Friday, May 13, 2011



By Miriam Hernandez - Junior at Roosevelt High School in Fresno  | from Thoughts on Public Education  \

5/10/11 • Today I’m traveling to Sacramento, along with hundreds of student and parent leaders from across California, to deliver an urgent but simple message to the State Legislature and the Governor: It’s time to upgrade California’s education system.

We’re coming to our state’s capitol as part of the Campaign for Quality Education, a statewide coalition of grassroots, civil rights, policy, and research organizations committed to educational equity for all communities in California’s public schools. We travel from the gritty grassroots to the halls of power, as mothers, fathers, students, brothers, sisters, and community leaders.

We’re here because California is at a crossroads. Our state’s economic future depends on the brainpower of the rising generation — my generation.

Over the past two years, $17 billion has been cut from education in California. According to the California Budget Project, in 2009-2010 California’s K-12 per-pupil spending ranked 45th in the country. And we are last in students-per-teacher ratio.

I’m angry about it. I think we should move in a direction that strengthens the California Dream, not one that jeopardizes our economic future. An educated society is a better society.

So today we are presenting our ideas for “Education 2.0” and a new “OS (Our Schools) 2011 device.” Our device contains four “apps”: 1) Which Way CA? 2) Kids Count, 3) Teacher Ready, and 4) 100% Prepared.

Which Way CA? It’s time to decide whether our state will prioritize the requests of special interests or invest in our future by revamping our education finance system to reflect 21st century realities. Which way will California go? Are we going to continue with deeper budget cuts? Or will lawmakers have the courage to recognize that kids like me need them to raise more money so we can invest in education and in our future?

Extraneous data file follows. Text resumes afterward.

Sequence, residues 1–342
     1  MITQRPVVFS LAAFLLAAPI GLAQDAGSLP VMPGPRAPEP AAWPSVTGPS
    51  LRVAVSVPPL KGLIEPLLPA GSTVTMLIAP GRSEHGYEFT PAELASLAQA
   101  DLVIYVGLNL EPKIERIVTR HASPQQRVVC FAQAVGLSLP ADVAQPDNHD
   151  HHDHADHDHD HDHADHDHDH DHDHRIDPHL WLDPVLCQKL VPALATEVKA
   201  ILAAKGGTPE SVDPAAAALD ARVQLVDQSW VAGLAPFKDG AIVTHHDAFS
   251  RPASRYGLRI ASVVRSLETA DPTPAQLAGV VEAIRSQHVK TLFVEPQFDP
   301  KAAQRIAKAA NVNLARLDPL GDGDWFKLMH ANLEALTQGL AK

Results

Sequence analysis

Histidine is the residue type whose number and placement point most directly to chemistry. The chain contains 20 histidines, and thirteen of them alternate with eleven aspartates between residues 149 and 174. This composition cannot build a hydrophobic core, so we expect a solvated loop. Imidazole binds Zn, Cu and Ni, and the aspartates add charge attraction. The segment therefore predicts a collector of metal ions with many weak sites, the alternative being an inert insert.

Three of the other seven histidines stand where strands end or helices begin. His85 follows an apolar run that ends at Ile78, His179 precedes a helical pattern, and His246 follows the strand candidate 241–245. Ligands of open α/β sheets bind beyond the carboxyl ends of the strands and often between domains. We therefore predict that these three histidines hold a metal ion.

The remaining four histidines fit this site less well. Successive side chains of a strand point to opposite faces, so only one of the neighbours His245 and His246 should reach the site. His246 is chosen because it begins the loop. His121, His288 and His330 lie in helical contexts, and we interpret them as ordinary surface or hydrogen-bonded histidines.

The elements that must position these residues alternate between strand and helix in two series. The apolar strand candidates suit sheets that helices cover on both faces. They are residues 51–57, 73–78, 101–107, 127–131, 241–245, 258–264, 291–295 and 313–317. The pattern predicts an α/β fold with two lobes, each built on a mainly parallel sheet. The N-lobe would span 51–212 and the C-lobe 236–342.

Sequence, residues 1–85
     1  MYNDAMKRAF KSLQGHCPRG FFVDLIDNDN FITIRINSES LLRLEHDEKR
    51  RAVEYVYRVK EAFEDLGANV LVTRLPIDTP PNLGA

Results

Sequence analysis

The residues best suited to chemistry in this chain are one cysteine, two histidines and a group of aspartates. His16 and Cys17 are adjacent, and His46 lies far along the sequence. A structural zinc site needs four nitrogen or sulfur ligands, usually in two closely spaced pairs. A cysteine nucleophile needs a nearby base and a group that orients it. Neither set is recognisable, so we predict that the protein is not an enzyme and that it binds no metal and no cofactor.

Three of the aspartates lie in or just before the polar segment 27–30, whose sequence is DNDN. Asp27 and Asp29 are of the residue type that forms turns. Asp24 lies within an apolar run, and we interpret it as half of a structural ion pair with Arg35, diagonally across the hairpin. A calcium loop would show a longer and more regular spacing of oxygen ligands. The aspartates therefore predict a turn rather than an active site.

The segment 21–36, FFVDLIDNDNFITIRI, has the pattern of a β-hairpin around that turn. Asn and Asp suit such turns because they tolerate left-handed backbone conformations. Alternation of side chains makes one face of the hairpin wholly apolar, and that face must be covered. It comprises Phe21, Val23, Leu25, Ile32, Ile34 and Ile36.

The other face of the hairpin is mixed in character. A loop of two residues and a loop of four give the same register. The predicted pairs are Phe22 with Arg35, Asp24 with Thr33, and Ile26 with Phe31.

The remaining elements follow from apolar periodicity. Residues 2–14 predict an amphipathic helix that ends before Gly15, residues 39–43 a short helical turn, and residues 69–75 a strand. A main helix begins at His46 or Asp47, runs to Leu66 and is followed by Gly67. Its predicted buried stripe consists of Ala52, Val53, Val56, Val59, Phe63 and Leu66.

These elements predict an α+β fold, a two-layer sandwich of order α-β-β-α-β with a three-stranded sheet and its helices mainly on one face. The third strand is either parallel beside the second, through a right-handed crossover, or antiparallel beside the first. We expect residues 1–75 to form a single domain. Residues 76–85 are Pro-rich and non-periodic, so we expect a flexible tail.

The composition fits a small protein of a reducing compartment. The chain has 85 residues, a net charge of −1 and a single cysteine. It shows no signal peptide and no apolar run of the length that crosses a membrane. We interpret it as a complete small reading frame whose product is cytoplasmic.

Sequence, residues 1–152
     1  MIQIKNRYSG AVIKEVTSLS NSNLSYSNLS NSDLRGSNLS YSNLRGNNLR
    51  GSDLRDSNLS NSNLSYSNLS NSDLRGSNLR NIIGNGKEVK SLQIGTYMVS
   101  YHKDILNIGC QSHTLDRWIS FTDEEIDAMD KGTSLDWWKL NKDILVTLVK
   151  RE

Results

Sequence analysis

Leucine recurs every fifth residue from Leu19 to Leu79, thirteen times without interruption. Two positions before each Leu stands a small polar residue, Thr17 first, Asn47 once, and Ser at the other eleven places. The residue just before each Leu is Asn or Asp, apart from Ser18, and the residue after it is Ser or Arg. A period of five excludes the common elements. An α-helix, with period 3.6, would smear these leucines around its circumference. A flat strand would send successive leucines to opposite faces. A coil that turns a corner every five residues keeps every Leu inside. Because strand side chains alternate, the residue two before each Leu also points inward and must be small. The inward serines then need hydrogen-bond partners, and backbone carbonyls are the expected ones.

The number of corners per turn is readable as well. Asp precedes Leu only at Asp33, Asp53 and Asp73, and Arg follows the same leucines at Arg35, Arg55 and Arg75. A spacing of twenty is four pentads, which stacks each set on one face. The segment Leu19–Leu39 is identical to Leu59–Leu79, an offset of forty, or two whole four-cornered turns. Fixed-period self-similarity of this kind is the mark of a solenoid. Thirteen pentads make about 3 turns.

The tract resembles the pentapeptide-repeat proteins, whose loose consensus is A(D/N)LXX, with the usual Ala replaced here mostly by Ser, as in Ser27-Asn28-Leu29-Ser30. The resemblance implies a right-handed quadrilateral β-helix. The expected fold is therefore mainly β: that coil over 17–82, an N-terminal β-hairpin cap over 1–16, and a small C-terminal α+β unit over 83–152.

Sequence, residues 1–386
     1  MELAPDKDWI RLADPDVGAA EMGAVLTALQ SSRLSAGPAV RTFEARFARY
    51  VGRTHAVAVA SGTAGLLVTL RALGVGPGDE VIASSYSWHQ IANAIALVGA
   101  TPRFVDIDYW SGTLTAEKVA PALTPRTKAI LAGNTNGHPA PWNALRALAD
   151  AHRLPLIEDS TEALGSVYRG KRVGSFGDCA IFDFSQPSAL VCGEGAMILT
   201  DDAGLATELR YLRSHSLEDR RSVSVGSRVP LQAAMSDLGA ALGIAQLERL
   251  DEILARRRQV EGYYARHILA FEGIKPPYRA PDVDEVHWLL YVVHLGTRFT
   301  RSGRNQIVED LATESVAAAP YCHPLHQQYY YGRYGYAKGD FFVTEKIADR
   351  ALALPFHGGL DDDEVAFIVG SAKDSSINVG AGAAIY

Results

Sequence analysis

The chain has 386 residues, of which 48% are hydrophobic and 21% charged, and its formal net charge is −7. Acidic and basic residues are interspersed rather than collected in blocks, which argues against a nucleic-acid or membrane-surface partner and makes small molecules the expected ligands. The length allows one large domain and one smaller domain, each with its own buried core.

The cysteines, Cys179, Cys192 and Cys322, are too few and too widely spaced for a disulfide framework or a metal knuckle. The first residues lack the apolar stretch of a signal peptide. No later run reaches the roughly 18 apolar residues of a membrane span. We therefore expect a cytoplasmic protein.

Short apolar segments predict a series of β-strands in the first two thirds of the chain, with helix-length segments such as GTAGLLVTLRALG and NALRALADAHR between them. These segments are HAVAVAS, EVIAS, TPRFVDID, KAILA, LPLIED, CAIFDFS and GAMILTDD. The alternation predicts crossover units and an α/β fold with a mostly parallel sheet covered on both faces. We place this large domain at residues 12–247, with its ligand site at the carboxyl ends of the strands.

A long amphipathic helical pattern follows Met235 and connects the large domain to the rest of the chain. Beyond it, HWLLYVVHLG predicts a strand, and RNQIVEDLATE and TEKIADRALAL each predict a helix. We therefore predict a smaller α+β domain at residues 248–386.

Kids Count: We need to upgrade California’s school finance system to one that distributes funding based on what it takes to prepare all students for both college and careers. That means moving to a system that funds schools adequately and also targets students who need the most help, such as English learners and low-income students.

I don’t want to be just another statistic we see on paper, or part of the 50% dropout rate everyone talks about. California is a place where I can write my own destiny, but no one succeeds alone. All I want is a chance to get the best so I can give my best.

Teacher Ready: My teacher, Ms. Aguilar, is an unsung hero. Every day she comes to class ready to challenge us to learn, and she inspires me to reach for my dreams. We know that thousands of teachers across the state have received layoff notices, but one thing is clear: teachers make a difference. We need to make sure that all our teachers are qualified when they start teaching, but once they’re in the classroom they need our support to be the best they can be. I have learned from Ms. Aguilar that the only limit to the height of my achievement is the reach of my dreams and the willingness to work for them.

100 Percent Prepared: I want to have practical skills I can use in real-world situations, but also an academic foundation that allows me to innovate and use my creativity. Being 100% prepared means I can reach higher because I am prepared for both college and career. Watering down high school requirements creates low expectations for students; instead, we want to be ready to pursue our dreams and be prepared for pursuing both college and a trade.

When I meet with my elected representatives today, I want to look them in the eye and tell them they need to invest in my future, the future of my classmates, and the future of students across California. We’re worth it.

Miriam Hernandez is a Junior at Roosevelt High School in Fresno and a student campaign chair with Californians for Justice (CFJ), which is part of the Campaign for Quality Education.

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